The camaraderie that spanned decades for some and days for others proved that in spite of a new name, the St. Thomas International Regatta (STIR) has remained the ‘Crown Jewel’ of Caribbean yacht racing. Nowhere was this more apparent than on the third and final day of sailing when no one easily walked away with a win.
First time racing in the STIR proved a charm for Near Miss, Franck Noel’s TP 52. The Switzerland-based team finished by winning every race but one in the CSA – Racing O Class. That defeat came at the hands of the Netherlands’ Peter Vroon aboard his Ker 46, Tonnerre de Breskens 3, which finished second. “The racing was very good, good competition and the courses were very nice around the islands,” explains Benoit Briand, Near Miss team manager. “It would have been easy to make a big mistake and finish last in this class, but we sailed the boat properly and grew more confident as a team every day.”
The final 300-yards of the regatta’s last race decided the winner in the CSA – Racing 1 Class. “It was really hard for us to race the Melges 24,” explains Puerto Rico’s Jaime Torres, winner aboard his Melges 32, Smile and Wave. “We never saw the 24; it was an unknown target. “We just knew we had to race as fast as we could and it worked. Next year, we expect to have at least five Melges 32s here in the Caribbean and have our own one-design class.”
The USA’s Rick Wesslund soundly defended last year’s class win by once again championing the CSA – Racing 2 Class. What changed is that Wesslund and his long-time highly-polished crew were sailing their new J/122, El Ocaso, rather than their former J/120 of the same name. “We didn’t know how big a shift in gears it would be to sail the new boat, but we did it and we won,” Wesslund explains.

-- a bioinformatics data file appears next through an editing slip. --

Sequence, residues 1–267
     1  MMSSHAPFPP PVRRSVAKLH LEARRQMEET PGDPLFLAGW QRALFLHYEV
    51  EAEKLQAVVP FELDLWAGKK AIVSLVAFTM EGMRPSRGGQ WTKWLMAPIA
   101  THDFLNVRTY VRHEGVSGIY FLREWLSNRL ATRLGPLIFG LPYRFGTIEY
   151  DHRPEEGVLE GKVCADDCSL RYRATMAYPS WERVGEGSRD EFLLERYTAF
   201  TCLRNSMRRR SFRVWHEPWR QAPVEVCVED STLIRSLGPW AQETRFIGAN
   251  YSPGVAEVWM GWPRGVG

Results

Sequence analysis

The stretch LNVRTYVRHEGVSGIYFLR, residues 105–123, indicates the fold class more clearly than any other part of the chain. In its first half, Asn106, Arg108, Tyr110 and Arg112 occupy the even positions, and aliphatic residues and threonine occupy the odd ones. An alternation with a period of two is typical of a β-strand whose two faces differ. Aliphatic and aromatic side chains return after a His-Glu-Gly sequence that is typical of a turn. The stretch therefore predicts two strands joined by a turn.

Bad Girl, a J/100 owned by the USVI’s Robert Armstrong had a good day sailing against Puerto Rico’s Jonathan Lipuscek’s J/105 Dark Star. “We knocked heads with them all weekend, fought them tooth and nail and, ultimately, beat them,” explains the USVI’s Carlos Skov, Bad Girl’s trimmer, about the competition with Dark Star. “I have to say the Dark Star team is a class act. Great sailing, that’s what it’s all about.”
Team Line Honors lived up to its name by taking the prize in the fiercely-competitive one-design IC-24 Class. Only three points separated the USVI’s Taylor Canfield’s Team Line Honors from second place finisher, Puerto Rico’s Marco Teixidor aboard Cachondo.
The BVI Jon Charlton’s C&C 41, Reba–Team Red Stripe, took first place in the CSA Non-Spinnaker Class. “I’ve never seen a Hunter 54 go so fast,” says Charlton, of his chief competition, the USVI’s Warren Stryker’s Botox Barbie. “Our team has been actively racing for the last four years and its make a huge difference in our performance.”
In the Beach Cat Class, it was the USVI’s John Holmberg and crew Terri McKenna that finished first aboard their Nacra 17, Flight Risk. “There were challenging conditions with the big breeze and swell, and the difficulty of sailing by handicap,” said Holmberg. “During the regatta, we were able to try different things like rig settings and measure ourselves against the other boats. That certainly helped us in our bid to represent the territory in the 2016 Summer Olympics.”
In the new ‘Fun’ or unmeasured class, it was the USA-based team aboard the chartered Moorings 4300 catamaran Kastor Polux which scored the prize. “Each year we try a different Caribbean regatta,” says Randy Alcorn, tactician. “I have to say, the people were great and the weather wonderful. We couldn’t ask for anything else.”
Regatta winners were presented with engraved crystal compliments of Little Switzerland.